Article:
Terracotta figure of a woman in Greek dress

From Tomb 105 at Amathus, Cyprus
About 300-250 BC

A Cypriot version of an Athenian type of terracotta

This terracotta belongs to the time when Cyprus was part of the large Hellenistic state of Egypt. Cypriot artefacts of this period generally reflect the styles that were wide-spread throughout the eastern Mediterranean, where Greek influence was dominant. This woman belongs to a series of terracottas known as the 'Tanagra' group after a site in Boeotia, northern Greece, where they were first found. It is, however, now clear that the style developed in Athens from where it spread to all corners of the Hellenistic world.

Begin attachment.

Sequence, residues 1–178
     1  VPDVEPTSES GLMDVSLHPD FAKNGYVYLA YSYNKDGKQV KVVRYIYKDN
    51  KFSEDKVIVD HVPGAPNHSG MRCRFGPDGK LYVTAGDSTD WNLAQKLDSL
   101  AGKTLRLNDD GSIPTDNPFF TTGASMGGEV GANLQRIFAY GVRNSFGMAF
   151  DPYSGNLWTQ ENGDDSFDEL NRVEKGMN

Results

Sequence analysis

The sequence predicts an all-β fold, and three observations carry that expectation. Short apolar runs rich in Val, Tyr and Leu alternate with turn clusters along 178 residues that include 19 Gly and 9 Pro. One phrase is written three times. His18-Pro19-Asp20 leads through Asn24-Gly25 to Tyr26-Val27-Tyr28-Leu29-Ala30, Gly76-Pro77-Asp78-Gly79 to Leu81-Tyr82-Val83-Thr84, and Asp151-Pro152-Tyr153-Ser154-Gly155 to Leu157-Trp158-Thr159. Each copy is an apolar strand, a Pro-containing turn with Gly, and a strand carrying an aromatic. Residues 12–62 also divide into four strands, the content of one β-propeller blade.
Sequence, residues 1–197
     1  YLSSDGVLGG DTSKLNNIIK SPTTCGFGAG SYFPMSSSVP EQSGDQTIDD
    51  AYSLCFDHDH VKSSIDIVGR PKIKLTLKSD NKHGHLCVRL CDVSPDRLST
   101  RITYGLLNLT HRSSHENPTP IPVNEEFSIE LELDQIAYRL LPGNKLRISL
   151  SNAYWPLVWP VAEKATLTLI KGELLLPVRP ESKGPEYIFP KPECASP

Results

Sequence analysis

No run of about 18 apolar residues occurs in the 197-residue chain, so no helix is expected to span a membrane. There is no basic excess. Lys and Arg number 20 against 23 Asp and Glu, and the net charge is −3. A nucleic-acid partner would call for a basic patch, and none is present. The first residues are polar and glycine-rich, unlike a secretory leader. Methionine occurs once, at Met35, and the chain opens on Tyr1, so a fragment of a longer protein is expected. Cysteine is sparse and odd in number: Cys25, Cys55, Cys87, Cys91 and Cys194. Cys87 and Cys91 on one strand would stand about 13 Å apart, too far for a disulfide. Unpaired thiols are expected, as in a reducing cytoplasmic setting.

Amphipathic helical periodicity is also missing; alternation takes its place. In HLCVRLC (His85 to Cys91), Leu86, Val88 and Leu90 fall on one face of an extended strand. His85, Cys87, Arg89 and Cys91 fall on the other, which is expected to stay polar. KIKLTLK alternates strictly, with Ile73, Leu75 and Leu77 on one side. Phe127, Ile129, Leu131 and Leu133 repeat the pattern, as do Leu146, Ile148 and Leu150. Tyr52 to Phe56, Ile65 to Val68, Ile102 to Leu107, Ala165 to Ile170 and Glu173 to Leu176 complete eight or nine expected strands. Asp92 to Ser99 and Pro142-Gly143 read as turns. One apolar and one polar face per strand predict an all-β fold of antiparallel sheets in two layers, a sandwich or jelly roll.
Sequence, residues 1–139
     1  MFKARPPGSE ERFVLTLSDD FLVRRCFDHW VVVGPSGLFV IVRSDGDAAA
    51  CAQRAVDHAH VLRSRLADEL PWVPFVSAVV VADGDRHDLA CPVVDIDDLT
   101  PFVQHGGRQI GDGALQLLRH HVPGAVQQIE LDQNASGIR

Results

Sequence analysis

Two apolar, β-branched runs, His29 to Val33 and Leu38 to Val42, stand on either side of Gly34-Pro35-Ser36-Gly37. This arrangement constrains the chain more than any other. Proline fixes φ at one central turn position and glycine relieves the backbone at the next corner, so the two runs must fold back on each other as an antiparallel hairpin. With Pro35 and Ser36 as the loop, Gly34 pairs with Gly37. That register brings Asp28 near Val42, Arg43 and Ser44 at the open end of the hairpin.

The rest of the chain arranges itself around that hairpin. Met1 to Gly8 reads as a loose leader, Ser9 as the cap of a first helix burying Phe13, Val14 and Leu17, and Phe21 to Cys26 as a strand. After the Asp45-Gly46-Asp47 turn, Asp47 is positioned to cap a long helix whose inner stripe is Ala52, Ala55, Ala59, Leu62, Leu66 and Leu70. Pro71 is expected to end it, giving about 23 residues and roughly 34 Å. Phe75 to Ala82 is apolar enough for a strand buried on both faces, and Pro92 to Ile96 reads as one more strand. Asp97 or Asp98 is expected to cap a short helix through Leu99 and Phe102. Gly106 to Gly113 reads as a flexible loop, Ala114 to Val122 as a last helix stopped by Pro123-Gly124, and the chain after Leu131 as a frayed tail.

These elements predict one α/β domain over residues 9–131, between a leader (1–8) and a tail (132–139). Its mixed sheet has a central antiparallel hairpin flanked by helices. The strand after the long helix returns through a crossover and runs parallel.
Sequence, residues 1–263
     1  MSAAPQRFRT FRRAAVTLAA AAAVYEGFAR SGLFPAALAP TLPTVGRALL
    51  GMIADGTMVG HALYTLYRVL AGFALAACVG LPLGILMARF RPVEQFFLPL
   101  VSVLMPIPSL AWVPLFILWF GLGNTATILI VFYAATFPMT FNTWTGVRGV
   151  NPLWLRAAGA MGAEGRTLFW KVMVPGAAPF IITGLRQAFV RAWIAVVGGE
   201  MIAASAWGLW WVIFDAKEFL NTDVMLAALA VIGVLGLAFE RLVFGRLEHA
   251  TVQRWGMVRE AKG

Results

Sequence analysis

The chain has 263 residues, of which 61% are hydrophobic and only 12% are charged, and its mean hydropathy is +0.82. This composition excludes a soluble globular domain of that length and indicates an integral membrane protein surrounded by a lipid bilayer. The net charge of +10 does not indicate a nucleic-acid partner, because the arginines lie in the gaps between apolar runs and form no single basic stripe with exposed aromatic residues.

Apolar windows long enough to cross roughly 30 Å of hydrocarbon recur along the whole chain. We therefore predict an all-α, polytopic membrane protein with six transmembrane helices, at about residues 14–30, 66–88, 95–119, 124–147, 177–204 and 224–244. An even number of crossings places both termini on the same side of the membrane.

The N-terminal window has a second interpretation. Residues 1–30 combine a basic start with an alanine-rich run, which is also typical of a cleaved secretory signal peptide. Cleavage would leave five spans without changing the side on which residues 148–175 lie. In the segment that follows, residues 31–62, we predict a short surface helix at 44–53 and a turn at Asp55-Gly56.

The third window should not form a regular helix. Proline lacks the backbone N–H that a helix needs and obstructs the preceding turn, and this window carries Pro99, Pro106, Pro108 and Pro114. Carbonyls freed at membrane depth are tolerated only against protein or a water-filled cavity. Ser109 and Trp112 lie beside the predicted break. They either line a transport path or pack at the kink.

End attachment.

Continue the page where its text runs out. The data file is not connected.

Tanagra figures have small heads and lean bodies which are tightly draped. This figure of a woman wears a chiton (tunic) with a himation (cloak) draped tightly across her body and right shoulder, covering her arm. Her hair is typically arranged in the 'melon coiffure', divided on the crown into segments and combed into a bun at the back. She wears a thick wreath made from the heads of hundreds of tiny flowers threaded onto a rope of grass. Many such wreaths have been found in tombs at Hawara in Egypt, which must be credited with their origin.

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More information


V. Tatton-Brown, Ancient Cyprus, 2nd ed. (London, The British Museum Press, 1997)


Height: 21.000 cm

Museum number

GR 1894.11-1.303 (Terracotta A 410)


Miss E.T. Turner Bequest excavations


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